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How Alice Stebbins Wells blazed a trail for policewomen in the LAPD

Alice Stebbins Wells in uniform
Alice Stebbins Wells in uniform
LA Police Museum

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March is Women's History Month, and as the month comes to a close this week, Take Two is looking into the stories of a few significant women in L.A. history, including Alice Stebbins Wells. 

Wells was the first woman police officer with the Los Angeles Police Department, and one of the first woman officers in the country. Bob Taylor is with the Los Angeles Police Museum.

Wells came to L.A. from the Midwest, according to Bob Taylor, with the Los Angeles Police Museum. She was trained as a minister so she was well-educated and developed a following with her religious work in Los Angeles.

In 1909, Wells presented a petition to the Police Commission and the City Council explaining why L.A. needed women in the police department to work with women and children in the community. Her argument was strong and after some debate among the officials, Wells became the first woman police officer.

Being the first policewoman in the LAPD wasn't easy, Taylor said. As the only woman on the force, she couldn't get her uniform from the store where the rest of the officers, so she made her own uniform, Taylor said. It was a long olive skirt and a coat, to which she added some embroidered detail, but the uniform wasn't the only problem for Wells, Taylor said. 

They gave her a badge, and the badge said 'policeman' because there were no policewomen. So frequently in the 1900s, 1910s, 1920s, police officers used to ride the streetcar. They didn't have to pay a fee. They just showed the conductor their badge. And so when Alice showed the conductor her badge, he said, 'Nice try, lady. You're using your husband's badge to try and get on?' She said, 'No, its my badge, I'm a policewoman.' She went back and reported that to the chief and then they made a badge for her that specifically said policewoman, and it said policewoman number one.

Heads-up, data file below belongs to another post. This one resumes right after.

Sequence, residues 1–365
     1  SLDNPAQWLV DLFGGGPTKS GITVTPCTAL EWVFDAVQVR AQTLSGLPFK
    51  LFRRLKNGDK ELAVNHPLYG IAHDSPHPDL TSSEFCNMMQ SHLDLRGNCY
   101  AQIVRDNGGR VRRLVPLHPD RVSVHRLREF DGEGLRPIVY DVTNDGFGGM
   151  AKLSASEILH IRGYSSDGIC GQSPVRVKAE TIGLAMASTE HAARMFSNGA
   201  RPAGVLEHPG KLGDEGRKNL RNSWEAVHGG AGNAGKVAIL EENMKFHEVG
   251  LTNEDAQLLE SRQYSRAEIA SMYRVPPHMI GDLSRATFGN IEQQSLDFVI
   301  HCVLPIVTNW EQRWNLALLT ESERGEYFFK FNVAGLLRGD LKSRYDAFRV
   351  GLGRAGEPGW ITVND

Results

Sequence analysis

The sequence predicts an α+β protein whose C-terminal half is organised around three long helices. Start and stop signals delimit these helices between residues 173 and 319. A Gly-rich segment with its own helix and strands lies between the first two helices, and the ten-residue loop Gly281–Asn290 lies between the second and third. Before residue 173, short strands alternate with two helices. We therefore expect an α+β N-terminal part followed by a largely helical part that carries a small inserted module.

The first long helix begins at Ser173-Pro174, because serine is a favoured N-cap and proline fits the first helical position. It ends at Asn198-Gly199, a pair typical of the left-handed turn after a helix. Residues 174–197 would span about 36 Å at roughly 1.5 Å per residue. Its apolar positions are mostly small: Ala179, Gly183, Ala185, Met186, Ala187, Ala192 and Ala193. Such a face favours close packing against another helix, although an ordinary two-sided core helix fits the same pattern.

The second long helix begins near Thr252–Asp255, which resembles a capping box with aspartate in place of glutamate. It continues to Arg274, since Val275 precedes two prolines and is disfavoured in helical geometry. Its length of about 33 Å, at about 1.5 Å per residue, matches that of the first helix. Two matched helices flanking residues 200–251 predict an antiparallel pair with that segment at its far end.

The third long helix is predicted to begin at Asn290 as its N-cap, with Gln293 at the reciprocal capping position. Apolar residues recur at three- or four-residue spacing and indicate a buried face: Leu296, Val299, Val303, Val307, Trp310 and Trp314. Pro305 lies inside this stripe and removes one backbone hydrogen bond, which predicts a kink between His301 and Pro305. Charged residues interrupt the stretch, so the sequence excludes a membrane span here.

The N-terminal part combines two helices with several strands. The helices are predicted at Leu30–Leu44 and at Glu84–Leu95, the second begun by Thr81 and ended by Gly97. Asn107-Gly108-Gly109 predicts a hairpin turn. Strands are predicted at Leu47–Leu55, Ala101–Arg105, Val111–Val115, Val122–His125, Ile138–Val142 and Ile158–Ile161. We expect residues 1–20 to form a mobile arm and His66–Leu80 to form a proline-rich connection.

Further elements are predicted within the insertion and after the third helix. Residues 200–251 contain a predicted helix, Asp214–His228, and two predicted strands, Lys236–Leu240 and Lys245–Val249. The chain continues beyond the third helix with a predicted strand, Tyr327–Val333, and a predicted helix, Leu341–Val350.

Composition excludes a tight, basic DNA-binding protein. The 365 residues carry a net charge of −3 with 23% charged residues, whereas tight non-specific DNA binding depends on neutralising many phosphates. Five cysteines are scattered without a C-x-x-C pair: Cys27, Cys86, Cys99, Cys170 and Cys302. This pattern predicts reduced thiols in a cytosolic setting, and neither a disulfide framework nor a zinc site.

Despite the difficulties of being a trailblazer, Wells was dedicated to her job. When the department leadership and the public saw that they were willing to accept the idea of women on the police force, other women joined the department, Taylor said.

A gathering with policewomen, including Alice Stebbins Wells, in 1923.
A gathering with policewomen, including Alice Stebbins Wells, in 1923.
LA Police Museum

Wells traveled the country speaking about both her experiences as an officer working with minors and children and as a policewoman. In 1925 she was one of two officers who started the Los Angeles Women Police Officers and Associates (LAWPOA).

Sargent Susan Padilla of the LAPD is now the First Vice President of LAWPOA. She said currently just under 19% of the LAPD's officers are female. The department has made an effort to promote and support women officers over the years, Padilla said, and that work is ongoing.

In 2008, we actually had our first female in our SWAT, which is our Special Weapons and Tactics unit. 1967 was when the SWAT team was formed with the department, so from 1967 to 2008, it was all men. Air Support we have quite a few women working there now, and we have quite a few women working in our Bomb Squad, but I think we would like to see more female officers come on the job.

Wells served the LAPD for 30 years before retiring. She passed away in 1957, and at her funeral there was an honor guard of ten policewomen.